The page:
Messel Pit Fossil Site
With more than 40,000 finds to date, the Messel Pit is one of the world’s most productive fossil sites, documenting dramatic changes to the biosphere during past geological periods. It reveals the wonders of evolution around 47 million years ago and was designated Germany’s first UNESCO World Natural Heritage site in 1995.
It may be hard to believe now, but back in the mists of time the area around Darmstadt consisted of a volcanic lake surrounded by a tropical forest. The result is that Messel Pit offers a particularly bio-diverse window into life in the Eocene period. The oil shale hides a wealth of excellently preserved fossils whose diversity and quality is simply unparalleled. These include more than 100 plant species, 8 fish, 31 reptile, 5 amphibian, more than 50 bird and more than 30 invertebrate species.
Exhibits of particular interest are the various mammals, especially the remains of prehistoric horses such as the Eurohippus, which would have fit comfortably in a shopping bag. So far, more than 30 complete skeletons have been recovered. Preserved stomach contents and soft tissue samples even provide information about diet and lifestyle.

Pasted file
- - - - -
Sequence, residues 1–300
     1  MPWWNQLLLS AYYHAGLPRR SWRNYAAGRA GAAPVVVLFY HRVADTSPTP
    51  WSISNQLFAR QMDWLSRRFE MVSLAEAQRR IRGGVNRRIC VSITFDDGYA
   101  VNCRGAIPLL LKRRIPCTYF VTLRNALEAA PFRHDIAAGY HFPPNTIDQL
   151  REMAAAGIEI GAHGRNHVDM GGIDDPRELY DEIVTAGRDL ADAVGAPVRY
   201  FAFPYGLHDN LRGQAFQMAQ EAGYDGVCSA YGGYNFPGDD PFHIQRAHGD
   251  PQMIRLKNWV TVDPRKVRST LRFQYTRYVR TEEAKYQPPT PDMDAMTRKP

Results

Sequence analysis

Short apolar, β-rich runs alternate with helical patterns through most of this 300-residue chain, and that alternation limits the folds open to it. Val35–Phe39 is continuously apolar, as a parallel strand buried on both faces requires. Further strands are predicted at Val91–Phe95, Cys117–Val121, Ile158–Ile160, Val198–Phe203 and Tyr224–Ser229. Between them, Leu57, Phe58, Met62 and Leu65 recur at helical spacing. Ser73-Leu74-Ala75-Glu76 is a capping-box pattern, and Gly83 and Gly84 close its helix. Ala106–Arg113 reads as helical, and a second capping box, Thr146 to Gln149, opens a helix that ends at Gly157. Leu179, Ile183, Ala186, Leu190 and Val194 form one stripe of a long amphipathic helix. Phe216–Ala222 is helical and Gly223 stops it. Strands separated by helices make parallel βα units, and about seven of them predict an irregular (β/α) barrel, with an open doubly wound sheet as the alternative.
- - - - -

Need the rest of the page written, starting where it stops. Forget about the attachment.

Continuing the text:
The pit can be visited as part of regular group tours. A visitor and information centre on the edge of the pit opened in August 2010. Its design is based on the oil shale stratification. There is also a viewing platform offering views of the pit site for visitors who do not wish to take part in a guided tour. In addition, there are numerous information panels should you wish to explore the pit individually.
The insights gained from a tour of the site can be explored in greater depth at the fossil and local history museum in the nearby town of Messel, at the Hessian State Museum in Darmstadt and at Senckenberg Natural History Museum in Frankfurt am Main.
Messel Pit Fossil Site
UNESCO World Heritage since 1995
From the selection criteria
Messel Pit Fossil Site was put on the list of World Heritage sites as the first German natural monument.
It provides a unique insight into the early evolution of mammals and documents the history of the Earth’s evolution 48 million years ago, when, after the end of the dinosaur age, explosive changes
affected the flora and fauna.